Gazela is a barkentine, which has three masts. She is square rigged on the foremast only, the main and mizzens being fore and aft rigged. She was built the shipyard of J. M. Mendes in Setubal, Portugal to fish the Grand Banks off Newfoundland. Her records, as she now stands, date from 1901 but there is good evidence that many of the timbers used in her construction are from the ship Gazella (spelled with two Ls) which was built in 1883. Portugese stone pine is the primary wood used in her hull and decks while the masts and spars are of Douglas fir.


Grand Banks

According to tradition, the first Portuguese fisherman arrived on the Banks in 1452, when a ship strayed off course and sighted the land they called Terra Nova. Later it became known as Newfoundland. Gaspar Corte Real is honored as the first Portuguese visitor to that land in 1472. A bronze statue of Corte Real stands in the capital city of St. John’s Newfoundland to commemorate the arrival of Portuguese vessels to the Banks. For two centuries, St. John’s has harbored the Portuguese fleet, and offered a refuge from storms, as well as repairs, recreation, and above all, fish for bait. The favorite fishing area for the fleet was Virgin Rocks on the Banks, less than 150 miles from the city.

A Grand Banks Fisherman

Every spring Gazela would leave Lisbon laden with as many as 35 dories stacked on deck like drinking cups and a crew of 40 men (35 fishermen/sailors, two cooks, two mates and the captain) and a couple of apprentices. Her hold would be full of salt which would be displaced with the fish that were caught (cod, flounder, halibut, haddock and perch) and preserved with that very salt.

The fisherman’s life on the Grand Banks ships was no picnic. They were up at 4 a.m. every day with a hymn of blessing from the watch stander. The men would tumble out of their bunks, fully clothed but for boots and outer clothing. They ate a hasty breakfast of coffee and rolls and then trooped out into the chilly air to be lowered over the side in one of the small dories. Each would get a bucket of bait, usually scraps or junk fish from the previous catch.

Each man also loaded aboard a small wooden box containing his personal belongings – water flask, food (typically bread, cold fish and cheese) knives and sharpening stone, tobacco, a whistle, and most important of all, his compass. The compass belonged to the company but each fisherman was responsible for the compass assigned to him at the beginning of each trip. Preparations for launching took about an hour. The boats were rowed clear of the ship, small sails were set and the men were on their way. They would often travel as far as twenty miles from the ship in their search for fish.

Once the men were to their chosen fishing location they began the laborious task of “shooting” or laying out the longline. First he would set out a marker buoy attached to a small anchor. Then, baiting his hooks as he began to pay out the line, he drifted downwind or with the current. Ultimately he would have upward of a mile of line out. He would then attach the bitter end of the line to his dory anchor, and drop it. His personally marked buoy and his own position served to alert other dorymen so that they would not lay their lines across his and tangle the lines. Next, he rigged a couple of hand or jigger lines and began fishing for some extra cod. This gave him some idea of how the fish were biting, and hence how long to leave the longline down. If no fish were biting, perhaps a three-hour wait was enough. It was usually never more than four hours even if fish were scarce.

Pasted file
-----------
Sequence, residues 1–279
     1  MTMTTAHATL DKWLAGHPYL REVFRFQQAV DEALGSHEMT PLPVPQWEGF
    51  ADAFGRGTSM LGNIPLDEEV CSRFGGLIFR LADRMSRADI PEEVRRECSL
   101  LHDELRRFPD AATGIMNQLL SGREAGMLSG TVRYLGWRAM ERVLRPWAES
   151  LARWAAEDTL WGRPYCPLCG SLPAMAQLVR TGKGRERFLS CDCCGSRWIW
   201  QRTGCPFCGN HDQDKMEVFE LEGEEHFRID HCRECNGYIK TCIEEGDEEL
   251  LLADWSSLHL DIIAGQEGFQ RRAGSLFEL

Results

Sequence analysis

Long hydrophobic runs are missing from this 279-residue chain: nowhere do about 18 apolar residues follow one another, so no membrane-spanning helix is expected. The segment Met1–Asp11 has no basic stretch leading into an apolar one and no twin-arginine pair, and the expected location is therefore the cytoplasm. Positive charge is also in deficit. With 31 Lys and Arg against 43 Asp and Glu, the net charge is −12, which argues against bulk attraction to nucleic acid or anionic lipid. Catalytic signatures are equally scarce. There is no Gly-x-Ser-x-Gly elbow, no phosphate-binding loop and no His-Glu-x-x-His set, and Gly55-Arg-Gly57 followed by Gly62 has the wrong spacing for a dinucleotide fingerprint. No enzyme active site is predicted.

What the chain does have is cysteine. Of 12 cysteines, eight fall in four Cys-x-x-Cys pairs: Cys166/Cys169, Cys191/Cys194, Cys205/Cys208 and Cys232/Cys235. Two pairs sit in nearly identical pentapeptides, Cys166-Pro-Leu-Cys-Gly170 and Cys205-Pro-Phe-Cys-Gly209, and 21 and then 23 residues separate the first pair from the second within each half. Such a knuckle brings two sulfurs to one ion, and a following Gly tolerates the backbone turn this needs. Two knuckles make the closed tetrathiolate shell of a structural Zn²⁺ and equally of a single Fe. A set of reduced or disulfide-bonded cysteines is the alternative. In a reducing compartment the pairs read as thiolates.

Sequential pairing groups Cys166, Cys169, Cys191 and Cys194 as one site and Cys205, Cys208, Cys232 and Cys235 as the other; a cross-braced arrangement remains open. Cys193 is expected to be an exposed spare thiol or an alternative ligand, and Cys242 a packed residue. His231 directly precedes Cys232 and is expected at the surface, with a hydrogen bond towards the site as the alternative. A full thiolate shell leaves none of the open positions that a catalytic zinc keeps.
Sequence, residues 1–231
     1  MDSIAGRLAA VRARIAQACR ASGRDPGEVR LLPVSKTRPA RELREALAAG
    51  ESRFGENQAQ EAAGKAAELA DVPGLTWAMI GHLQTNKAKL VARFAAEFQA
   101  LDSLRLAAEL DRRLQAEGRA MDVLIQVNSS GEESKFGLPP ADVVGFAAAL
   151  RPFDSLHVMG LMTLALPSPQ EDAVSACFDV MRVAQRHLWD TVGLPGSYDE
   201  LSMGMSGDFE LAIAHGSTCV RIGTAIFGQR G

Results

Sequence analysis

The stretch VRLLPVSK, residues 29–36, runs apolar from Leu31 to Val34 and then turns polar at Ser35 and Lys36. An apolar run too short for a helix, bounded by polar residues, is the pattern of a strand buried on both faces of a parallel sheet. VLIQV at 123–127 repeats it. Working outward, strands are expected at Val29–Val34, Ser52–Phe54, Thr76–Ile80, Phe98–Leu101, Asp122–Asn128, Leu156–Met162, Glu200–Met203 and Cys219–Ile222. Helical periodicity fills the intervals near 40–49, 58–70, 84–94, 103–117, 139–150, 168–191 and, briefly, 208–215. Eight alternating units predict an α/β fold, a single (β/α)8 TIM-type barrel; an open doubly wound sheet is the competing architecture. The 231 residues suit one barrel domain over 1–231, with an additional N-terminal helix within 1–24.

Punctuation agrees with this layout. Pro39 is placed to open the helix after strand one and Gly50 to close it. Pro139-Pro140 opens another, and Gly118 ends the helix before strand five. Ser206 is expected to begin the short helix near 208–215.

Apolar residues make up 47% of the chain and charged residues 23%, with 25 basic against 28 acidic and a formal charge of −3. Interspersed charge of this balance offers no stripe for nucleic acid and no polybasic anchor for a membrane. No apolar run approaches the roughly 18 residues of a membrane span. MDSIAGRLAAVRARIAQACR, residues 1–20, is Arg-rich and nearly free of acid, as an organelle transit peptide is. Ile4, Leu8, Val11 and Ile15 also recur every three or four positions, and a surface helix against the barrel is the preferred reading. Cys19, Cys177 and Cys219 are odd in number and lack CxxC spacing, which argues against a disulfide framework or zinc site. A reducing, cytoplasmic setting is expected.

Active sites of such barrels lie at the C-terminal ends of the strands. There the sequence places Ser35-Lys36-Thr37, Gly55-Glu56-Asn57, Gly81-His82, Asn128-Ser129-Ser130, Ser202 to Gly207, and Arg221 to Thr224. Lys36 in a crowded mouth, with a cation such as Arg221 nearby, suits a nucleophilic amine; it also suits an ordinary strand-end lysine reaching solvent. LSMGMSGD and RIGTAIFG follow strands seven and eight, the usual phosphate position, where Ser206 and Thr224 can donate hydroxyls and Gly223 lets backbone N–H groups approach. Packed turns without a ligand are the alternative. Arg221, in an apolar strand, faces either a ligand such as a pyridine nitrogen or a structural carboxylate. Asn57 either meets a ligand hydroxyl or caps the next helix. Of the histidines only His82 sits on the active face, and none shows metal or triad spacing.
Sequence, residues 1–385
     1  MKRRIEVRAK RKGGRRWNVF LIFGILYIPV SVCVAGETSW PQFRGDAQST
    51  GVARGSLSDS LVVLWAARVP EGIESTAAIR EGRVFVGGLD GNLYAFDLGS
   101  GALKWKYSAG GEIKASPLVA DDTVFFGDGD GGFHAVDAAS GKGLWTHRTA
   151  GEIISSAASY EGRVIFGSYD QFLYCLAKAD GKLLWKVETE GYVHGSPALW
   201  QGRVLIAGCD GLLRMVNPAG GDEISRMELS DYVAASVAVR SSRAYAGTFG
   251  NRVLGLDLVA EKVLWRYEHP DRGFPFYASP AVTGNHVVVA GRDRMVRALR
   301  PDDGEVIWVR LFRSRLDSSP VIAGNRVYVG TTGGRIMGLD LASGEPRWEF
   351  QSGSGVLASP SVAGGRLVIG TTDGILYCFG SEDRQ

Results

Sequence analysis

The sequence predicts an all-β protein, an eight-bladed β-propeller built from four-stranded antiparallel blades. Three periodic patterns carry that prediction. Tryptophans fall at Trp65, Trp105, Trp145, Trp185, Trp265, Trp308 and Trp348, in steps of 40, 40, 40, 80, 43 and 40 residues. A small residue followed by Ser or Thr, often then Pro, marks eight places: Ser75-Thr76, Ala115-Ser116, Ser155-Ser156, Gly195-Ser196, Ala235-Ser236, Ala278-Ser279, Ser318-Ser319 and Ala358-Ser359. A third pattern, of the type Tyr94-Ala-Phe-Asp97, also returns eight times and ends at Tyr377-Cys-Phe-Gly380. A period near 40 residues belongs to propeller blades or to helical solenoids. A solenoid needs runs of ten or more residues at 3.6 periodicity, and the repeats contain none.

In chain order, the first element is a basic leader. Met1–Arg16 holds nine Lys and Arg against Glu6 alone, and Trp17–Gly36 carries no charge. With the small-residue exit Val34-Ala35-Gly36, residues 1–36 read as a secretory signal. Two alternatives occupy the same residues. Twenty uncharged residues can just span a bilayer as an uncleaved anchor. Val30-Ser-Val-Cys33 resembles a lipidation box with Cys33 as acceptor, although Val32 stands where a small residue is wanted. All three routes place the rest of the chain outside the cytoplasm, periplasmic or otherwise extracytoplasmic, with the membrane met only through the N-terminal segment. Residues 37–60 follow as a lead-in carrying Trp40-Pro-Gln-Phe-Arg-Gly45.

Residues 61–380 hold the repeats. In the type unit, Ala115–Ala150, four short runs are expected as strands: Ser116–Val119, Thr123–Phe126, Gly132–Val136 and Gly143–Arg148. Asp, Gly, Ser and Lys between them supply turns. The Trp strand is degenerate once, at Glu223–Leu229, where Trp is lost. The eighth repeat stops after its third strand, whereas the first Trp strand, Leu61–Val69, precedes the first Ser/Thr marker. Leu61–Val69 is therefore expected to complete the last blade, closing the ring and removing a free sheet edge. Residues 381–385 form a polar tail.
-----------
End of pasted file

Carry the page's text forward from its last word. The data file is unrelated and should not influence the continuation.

If the catch was good enough in a single haul they would travel back to the ship and toss the fish onboard for processing and go out for a second load. No matter what, though, they seldom stayed out for more than four hours at a time. At the end of the day a recall signal was sounded and the boats would all return to the ship to be unloaded, hauled in, cleared of gear and stacked for the night. If the catch was big enough the fishermen would help the crew that had stayed aboard to process the fish before having a late meal and going to bed.

2 thoughts on “Gazela

  1. Jerry Conway

    The GAZELA is a PHILLY ship–I remember when she first came up the Delaware & even though she had been been knocked down and looked pretty bad, the people of Philly stood behind her and brought her back to life. I saw the Tall Ship parade from Sandy Hook NJ and then coming up the Delaware to Philly-wish we were there to see it again.

  2. Madeleine Jones

    I crewed Gazela for many sailing seasons and worked on her dockside during upriging/downriging. Training, sailing, tours, parades, fund raises, marketing, instructing, calm seas, stormy seas. Even a burial at sea.
    To all that have Sailed Gazela and To all that shall Sail Gazela a day of remembrance should be set aside.
    How I encountered Gazela and her crew and how I stood on the Delaware River dock for 3 hours waiting for this Grand Old Lady to go down river to turn around is a whole awesome sea story.


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